SME Lending

SME lending

SMEs are a major source of economic growth in many economies and with respect to SME lending banks have been moving away from traditional relationship lending, and moving towards transactional lending. Net result banks are embracing credit evaluations shift from one end of the spectrum to the other and  this has accelerated the growth of the banks.

Relationship Lending:

Relationship lending is based upon the five Cs [Capacity, Capital, Conditions, Character and Collateral]. Risk is assessed by a loan officer who has personal knowledge of the client, his/her reputation, standing in the community, connections, current product holdings, history with the organization, and other various other factors. This is accompanied by a diligence of secrecy relating to any information obtained directly from the client. 

Small businesses are opaque and have fewer financing opportunities than larger companies. Those with strong banking relationships benefit from lower interest rates, reduced collateral requirements, lower reliance on trade debt, greater protection against the interest rate cycle and an increased credit availability. 

The problem with relationship lending is the cost, due to the time and effort required to cultivate the relationship. Small/Boutique banks can use this as  a basis for their competitive advantage, but their capacity for growth will be limited.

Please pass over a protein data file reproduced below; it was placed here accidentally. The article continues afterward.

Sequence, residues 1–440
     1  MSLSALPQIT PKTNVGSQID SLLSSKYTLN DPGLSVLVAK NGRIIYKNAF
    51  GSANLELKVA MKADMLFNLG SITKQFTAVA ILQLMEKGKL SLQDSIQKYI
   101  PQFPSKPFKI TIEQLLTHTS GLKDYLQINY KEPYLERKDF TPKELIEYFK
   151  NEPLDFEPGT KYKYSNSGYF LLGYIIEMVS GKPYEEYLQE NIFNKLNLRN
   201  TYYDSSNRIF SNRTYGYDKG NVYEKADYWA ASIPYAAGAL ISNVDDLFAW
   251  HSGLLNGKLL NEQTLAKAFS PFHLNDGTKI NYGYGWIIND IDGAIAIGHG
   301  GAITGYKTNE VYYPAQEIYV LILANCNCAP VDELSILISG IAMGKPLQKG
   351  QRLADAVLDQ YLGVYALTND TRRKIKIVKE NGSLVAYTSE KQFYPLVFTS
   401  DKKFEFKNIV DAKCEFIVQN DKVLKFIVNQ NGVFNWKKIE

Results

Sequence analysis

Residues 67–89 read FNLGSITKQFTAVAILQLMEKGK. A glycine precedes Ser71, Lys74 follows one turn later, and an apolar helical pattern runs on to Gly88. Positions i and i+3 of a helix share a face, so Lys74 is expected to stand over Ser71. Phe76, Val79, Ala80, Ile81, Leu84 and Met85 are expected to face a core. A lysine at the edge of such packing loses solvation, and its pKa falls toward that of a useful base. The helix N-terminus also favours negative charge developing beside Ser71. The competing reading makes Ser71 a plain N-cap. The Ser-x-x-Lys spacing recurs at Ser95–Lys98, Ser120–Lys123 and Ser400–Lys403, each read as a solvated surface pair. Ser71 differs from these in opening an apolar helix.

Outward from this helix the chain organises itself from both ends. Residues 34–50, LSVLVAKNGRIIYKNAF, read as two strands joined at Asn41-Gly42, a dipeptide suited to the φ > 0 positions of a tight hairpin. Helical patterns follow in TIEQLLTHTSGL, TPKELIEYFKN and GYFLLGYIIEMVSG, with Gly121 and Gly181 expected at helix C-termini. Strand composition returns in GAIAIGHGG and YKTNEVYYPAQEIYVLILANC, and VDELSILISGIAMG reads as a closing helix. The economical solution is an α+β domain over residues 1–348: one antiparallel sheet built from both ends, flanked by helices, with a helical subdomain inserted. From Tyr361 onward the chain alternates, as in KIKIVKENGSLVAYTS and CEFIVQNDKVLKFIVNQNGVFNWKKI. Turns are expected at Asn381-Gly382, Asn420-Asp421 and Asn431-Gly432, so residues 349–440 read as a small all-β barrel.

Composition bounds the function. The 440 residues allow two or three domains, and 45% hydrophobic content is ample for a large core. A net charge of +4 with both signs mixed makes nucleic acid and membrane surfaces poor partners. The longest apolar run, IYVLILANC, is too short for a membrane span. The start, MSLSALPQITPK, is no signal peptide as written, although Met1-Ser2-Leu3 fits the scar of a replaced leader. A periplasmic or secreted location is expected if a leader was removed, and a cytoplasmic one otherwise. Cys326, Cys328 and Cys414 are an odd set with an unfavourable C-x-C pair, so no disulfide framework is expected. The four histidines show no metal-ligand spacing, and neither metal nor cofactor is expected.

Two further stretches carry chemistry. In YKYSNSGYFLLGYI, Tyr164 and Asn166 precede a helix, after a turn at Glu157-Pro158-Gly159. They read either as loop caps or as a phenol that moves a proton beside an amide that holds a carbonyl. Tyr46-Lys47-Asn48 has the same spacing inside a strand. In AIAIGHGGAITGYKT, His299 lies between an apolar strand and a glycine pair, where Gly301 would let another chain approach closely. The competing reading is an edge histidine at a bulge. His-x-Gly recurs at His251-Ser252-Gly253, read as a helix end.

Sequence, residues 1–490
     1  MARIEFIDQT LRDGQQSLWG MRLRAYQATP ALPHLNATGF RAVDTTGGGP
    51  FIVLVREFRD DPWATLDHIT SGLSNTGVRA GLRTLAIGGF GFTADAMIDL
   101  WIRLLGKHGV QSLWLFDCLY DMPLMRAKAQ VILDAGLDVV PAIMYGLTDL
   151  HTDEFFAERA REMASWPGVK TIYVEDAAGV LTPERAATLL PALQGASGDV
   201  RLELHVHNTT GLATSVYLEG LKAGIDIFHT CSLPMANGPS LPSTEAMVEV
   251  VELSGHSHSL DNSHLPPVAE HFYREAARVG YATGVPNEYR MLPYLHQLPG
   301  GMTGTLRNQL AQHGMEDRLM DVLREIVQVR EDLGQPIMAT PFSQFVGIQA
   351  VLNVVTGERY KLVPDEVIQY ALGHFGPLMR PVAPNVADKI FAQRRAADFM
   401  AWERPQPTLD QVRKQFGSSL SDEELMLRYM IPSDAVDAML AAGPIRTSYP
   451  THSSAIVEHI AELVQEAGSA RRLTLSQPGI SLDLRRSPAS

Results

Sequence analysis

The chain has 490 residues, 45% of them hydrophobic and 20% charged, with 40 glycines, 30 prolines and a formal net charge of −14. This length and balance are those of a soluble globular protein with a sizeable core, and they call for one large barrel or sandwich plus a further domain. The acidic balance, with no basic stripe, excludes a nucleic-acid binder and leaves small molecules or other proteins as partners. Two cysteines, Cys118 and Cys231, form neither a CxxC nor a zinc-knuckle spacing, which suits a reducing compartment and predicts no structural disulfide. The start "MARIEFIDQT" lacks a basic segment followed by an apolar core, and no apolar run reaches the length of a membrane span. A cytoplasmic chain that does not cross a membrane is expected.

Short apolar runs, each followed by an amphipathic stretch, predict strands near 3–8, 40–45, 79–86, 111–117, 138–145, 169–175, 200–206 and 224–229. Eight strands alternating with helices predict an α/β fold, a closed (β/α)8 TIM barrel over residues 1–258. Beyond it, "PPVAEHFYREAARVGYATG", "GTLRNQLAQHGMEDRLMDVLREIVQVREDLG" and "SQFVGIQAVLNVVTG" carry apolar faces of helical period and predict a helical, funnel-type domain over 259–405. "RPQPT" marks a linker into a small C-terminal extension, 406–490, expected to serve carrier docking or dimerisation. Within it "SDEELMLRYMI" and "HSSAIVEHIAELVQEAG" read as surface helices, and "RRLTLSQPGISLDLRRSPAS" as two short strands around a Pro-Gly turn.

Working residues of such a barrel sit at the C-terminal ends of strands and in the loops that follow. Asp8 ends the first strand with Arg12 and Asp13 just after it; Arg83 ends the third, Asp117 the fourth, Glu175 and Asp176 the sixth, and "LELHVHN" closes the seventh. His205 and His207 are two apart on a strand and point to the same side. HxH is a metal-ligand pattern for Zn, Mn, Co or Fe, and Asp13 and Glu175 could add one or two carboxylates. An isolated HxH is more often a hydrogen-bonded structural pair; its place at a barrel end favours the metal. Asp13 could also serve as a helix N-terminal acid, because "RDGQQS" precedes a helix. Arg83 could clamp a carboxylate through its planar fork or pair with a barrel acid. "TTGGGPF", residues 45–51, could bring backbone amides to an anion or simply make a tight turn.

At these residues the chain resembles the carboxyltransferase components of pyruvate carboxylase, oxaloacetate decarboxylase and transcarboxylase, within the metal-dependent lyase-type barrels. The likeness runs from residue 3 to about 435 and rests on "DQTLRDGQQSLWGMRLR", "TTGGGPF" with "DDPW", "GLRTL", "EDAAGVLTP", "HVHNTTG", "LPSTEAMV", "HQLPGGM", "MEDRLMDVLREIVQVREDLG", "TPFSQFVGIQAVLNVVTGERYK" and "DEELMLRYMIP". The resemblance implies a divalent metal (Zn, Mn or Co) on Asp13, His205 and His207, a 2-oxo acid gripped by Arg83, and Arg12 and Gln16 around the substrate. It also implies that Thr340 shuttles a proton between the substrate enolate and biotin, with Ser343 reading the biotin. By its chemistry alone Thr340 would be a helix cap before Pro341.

Transactional Lending:

In the case of transactional lending, rather than relying upon information known only to the loan officer,  transactional lending relies upon other automation, especially credit scoring to evaluate borrowers financial statement, payment histories, both internally and with the credit bureaus and environment assessments [eg: Current economy, Market, Location and Industry]. Automation leads to increase in cost of delivery on the lender side but it is overseen by better and faster decisions and in turn benefits lenders from the diversification of the large portfolio of small loans.

Automation on the SME market has played a significant role and it has lead to less face-to-face contact and documentation. In turn has resulted in lenders focusing on the wealth of readily available hard data. Tremendous productivity gains have been achieved, with borrowers benefiting from improved access and increased choice, while lenders have increased volumes and reach. 

Automation has lead to a correlation between borrowers credit scores and the interest rates that they are charged. Many lenders use risk-based pricing, borrowers that are declined on one product may be accepted on another that is more expensive, and/or has stringent terms

While credit scoring can provide benefits to almost any bank, there is often a reluctance to move from relationship to transactional lending. Smaller banks in particular believe that their competitive advantage lies in personal service.